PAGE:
Eightpence.—September 11, 1876: watermark large garter; chrome-yellow, ale yellow; perforated 14.

Ninepence.—All perforated 14. First issue, January 15, 1862: watermark heraldic emblems; ochre-brown, bright bistre. Second issue, December 1, 1865: watermark as above; bistre-brown, straw. Third issue, October 1867: watermark spray of rose; straw.

Tenpence.—July 1, 1867: watermark spray of rose; red-brown; perforated 14.

One Shilling.—All perforated 14. First issue, November 1, 1856: watermark heraldic emblems; no letters in angles; dull green, pale to dark green. Second issue, December 1, 1862: as above; small white letters in angles; pale to dark green. Third issue, February 1865: as above; large white letters in angles; pale to dark green, bluish green. Fourth issue, August 1867: watermark spray of rose; otherwise as third issue; pale to dark green, bluish green. Fifth issue, September 1873: large coloured letters in angles; otherwise as fourth issue; light to dark green, bluish green. Sixth issue, October 14, 1880: as fifth issue; pale red-brown. Seventh issue, June 15, 1881: watermark large crown; otherwise as sixth issue; pale red-brown.

Two Shillings.—Watermark spray of rose; perforated 14. First issue, July 1, 1867: pale to full blue, very deep blue. Second issue, February 1880: light brown.

Five Shillings.—First issue, July 1, 1867: watermarked with a cross paté; pink, pale rose; perforated 151/2 by 15. Second issue, November 1882: watermark large anchor; Carmine-pink; perforated 14.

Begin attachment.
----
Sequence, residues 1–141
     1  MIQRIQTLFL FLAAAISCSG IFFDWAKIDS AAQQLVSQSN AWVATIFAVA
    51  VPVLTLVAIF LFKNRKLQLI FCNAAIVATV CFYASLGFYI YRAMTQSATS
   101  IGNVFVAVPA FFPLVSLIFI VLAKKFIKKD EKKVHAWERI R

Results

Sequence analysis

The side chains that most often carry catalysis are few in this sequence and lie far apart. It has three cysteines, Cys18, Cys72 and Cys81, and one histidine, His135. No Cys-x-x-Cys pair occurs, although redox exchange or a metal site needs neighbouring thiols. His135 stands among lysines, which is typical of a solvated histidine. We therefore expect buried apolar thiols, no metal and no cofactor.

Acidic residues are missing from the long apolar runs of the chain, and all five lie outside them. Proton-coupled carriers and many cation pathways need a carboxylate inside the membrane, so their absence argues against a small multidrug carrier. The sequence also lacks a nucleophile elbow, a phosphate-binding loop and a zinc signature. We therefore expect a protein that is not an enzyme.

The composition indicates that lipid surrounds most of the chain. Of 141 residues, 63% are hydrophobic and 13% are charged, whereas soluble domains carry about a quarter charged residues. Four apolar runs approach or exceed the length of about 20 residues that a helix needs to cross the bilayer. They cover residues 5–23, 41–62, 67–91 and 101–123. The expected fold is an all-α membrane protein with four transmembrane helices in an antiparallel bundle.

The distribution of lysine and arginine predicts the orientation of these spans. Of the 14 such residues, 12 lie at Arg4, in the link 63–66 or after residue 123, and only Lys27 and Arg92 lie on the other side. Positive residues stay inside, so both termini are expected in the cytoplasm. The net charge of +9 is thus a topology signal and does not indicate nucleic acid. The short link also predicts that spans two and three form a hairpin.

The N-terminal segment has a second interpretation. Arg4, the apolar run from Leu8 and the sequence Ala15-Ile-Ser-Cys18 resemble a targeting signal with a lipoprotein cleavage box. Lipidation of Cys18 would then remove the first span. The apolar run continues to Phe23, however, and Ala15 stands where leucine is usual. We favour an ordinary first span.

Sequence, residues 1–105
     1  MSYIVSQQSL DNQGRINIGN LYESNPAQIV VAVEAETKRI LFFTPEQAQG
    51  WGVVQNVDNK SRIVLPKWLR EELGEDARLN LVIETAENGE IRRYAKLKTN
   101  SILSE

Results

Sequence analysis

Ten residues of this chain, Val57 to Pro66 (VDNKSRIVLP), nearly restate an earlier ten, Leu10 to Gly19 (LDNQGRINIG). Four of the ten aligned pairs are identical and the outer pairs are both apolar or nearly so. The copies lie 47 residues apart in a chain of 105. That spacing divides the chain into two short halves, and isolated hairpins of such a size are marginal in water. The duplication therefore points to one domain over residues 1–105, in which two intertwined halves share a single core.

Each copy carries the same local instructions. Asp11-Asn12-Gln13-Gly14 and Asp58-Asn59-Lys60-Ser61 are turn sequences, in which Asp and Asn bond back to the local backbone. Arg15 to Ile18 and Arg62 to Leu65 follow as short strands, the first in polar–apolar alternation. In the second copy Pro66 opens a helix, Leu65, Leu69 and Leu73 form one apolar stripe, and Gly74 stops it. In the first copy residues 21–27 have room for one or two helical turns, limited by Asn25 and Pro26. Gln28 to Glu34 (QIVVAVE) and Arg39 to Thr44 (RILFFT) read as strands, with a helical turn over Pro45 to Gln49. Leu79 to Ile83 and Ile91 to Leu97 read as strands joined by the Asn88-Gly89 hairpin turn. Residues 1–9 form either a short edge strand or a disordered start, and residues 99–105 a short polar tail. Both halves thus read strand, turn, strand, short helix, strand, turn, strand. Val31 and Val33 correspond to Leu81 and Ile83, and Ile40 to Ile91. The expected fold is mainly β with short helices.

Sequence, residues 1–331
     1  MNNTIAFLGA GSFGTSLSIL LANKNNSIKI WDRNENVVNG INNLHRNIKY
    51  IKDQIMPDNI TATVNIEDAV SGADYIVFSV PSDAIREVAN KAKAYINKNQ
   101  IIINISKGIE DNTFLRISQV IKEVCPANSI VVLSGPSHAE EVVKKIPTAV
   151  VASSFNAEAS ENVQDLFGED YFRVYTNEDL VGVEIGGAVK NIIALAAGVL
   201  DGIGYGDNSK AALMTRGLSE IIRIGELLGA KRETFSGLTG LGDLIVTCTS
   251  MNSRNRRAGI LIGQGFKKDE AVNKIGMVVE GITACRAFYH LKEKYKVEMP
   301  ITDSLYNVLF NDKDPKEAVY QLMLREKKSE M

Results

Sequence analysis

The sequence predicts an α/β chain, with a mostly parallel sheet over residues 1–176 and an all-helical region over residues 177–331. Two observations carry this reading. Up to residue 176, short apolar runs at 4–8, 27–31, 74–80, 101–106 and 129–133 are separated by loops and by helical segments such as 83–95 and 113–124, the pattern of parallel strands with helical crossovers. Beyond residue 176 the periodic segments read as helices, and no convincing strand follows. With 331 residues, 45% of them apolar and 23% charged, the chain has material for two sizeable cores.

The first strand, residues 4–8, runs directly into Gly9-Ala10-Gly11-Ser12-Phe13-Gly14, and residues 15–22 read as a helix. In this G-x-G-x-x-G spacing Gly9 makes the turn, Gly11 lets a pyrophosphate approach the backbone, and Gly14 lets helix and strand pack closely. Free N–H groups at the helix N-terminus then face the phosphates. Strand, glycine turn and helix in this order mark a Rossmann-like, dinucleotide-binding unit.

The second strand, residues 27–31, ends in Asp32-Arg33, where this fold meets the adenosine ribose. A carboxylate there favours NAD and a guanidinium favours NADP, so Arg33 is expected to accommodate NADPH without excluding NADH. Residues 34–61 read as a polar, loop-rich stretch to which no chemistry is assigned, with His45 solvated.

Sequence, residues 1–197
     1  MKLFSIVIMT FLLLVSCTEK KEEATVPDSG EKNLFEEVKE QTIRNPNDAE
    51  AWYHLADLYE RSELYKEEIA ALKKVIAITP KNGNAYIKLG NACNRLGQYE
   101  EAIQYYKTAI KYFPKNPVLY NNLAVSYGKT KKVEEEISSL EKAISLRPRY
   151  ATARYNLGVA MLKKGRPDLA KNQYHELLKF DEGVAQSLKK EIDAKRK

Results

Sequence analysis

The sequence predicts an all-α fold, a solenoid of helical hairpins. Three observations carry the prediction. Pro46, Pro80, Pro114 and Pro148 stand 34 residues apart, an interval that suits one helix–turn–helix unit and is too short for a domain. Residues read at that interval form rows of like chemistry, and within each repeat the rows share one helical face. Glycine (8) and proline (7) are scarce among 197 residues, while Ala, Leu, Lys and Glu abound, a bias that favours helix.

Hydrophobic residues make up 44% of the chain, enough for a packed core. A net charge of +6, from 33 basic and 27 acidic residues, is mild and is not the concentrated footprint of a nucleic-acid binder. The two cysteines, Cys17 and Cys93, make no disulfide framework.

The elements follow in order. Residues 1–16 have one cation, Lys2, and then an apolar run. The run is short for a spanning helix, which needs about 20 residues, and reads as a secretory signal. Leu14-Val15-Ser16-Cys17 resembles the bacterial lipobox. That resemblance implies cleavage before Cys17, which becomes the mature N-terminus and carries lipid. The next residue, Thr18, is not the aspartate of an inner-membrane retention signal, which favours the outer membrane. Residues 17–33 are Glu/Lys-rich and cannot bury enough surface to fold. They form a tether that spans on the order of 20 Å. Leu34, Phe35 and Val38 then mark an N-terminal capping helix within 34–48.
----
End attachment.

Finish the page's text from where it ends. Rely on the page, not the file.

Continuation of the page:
Ten Shillings.—First issue, September 26, 1878: watermark cross paté; green-grey; perforated 151/2 by 15. Second issue, February 1882: watermark large anchor; green-grey; perforated 14.

One Pound.—First issue, September 26, 1878: watermark cross paté; brown-violet; perforated 151/2 by 15. Second issue, December 1882: watermark large anchor; brown-violet; perforated 14.

(iv.) After 1880.

In 1880–1881 the halfpenny, penny, three-halfpenny and twopenny surface-printed stamps superseded the line-engraved stamps of the same value, and a new surface-printed stamp of five pence was introduced. These stamps are distinguished from the stamps already described by the absence of plate-numbers and (except in the penny stamp) of check-letters in the corners; also by the coarser style of engraving necessary for printing by machines driven by steam-power.

One Halfpenny.—First issue, October 14, 1880: large crown watermark; pale green, bluish green, dark green; perforated 14. Second issue, April 1, 1884: slate-blue.

One Penny.—January 1, 1880: large crown watermark; venetian red; perforated 14.

Three-halfpence.—October 14, 1880: large crown watermark; venetian red; perforated 14.

Twopence.—December 8, 1880: large crown watermark; pale to very deep carmine red; perforated 14.

Fivepence.—March 15, 1881: large crown watermark; dark dull indigo, indigo-black; perforated 14.